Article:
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COVID vaccine produces poor antibody response in people taking immunosuppressant even after second dose

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The latest study conducted by researchers at Washington University School of Medicine in St. Louis found that people who received two doses of the Pfizer COVID-19 vaccine while on TNF inhibitors — a type of immunosuppressant used to treat rheumatoid arthritis and other autoimmune conditions — produced less powerful and shorter-lived antibodies against the virus that causes COVID-19 than healthy people and those on other types of immunosuppressants.

This was notably evident in the virus’s delta strain, according to the researchers.

The good news is that a third vaccine dosage increased antibody levels, but the researchers are unsure how long the levels will remain high. The findings, published online in Med, a Cell Press journal, imply that persons using TNF inhibitors are at an increased risk of developing new infections and would benefit the most from a third dose.

Inflammatory bowel illness, rheumatoid arthritis, and psoriasis are some of the disorders for which TNF inhibitors are used. Endocrinology-related drugs such as etanercept (Enbrel), infliximab (Remicade), cetirizine (Cimzia), and golimumab are in this family (Simponi).

“People taking TNF inhibitors didn’t make as many of the potently inhibitory antibodies, and the ones that they did make had largely decayed by five months after the second dose. So even when compared to other immunosuppressed people, people on TNF inhibitors are probably at greater risk for breakthrough infections, especially as immunity wanes and several months have passed since their initial vaccinations. Our data suggests that they should get boosted,” said the study authors.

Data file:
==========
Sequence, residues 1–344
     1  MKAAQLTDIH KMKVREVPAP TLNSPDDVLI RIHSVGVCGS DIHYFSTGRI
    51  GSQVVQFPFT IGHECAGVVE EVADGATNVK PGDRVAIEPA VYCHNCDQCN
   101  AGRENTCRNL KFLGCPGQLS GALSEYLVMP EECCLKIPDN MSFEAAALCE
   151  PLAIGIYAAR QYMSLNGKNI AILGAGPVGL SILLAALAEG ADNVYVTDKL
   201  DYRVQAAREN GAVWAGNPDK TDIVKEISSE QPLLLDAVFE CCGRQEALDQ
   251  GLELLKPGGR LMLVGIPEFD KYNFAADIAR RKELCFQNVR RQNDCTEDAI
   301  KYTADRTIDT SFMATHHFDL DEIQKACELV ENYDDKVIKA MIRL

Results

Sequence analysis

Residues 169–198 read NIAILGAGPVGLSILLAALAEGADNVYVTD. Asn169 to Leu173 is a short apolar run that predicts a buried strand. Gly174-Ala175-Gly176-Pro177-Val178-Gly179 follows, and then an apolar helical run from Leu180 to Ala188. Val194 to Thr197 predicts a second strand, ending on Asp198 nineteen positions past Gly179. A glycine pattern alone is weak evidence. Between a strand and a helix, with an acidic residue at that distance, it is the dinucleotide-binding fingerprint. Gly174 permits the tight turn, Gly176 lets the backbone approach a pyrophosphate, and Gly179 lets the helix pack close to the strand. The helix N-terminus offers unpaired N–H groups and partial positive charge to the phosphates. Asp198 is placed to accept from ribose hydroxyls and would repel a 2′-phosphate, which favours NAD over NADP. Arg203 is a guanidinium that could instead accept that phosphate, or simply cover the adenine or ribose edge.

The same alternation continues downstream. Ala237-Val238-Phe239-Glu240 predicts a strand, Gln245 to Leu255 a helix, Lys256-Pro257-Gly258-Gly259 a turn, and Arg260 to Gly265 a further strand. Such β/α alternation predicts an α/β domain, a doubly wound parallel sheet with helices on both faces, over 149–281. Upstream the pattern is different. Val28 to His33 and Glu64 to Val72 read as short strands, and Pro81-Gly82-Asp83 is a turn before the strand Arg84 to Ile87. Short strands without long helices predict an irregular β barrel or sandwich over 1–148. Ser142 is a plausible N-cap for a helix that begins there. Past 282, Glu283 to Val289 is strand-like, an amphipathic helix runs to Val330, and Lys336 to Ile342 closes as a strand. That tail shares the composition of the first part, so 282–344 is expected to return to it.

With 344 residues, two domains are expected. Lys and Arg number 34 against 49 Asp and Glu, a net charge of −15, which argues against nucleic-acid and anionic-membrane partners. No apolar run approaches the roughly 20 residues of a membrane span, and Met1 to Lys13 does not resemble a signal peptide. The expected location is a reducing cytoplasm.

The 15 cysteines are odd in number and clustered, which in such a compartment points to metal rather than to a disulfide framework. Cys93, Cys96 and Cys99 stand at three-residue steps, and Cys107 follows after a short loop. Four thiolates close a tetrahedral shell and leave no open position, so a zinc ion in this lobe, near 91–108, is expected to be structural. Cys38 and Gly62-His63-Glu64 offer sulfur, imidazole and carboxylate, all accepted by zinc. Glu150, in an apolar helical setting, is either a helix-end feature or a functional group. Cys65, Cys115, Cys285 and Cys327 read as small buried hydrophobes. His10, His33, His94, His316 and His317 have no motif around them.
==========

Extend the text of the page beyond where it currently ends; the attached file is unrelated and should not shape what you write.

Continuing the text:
A previous study co-led by two of the current paper’s authors — Alfred Kim, MD, PhD, an assistant professor of medicine, and Ali Ellebedy, PhD, an associate professor of pathology & immunology, medicine, and molecular microbiology — demonstrated that 90% of people taking immunosuppressive medications (including TNF inhibitors) produce antibodies following COVID-19 vaccination. However, that study examined the presence or lack of antibodies three weeks following the second shot of the vaccine. The researchers made no attempt to assess the antibody response’s quality.

Diamond and lead author Rita Chen, an MD/PhD student, initiated the new study to assess the quality of antibody response to the Pfizer COVID-19 vaccine in immunocompromised individuals. They were particularly interested in determining whether immunization induces antibodies capable of neutralizing the delta version of SARS-CoV-2, the virus that causes COVID-19. Delta is presently responsible for nearly all occurrences of COVID-19 in the United States.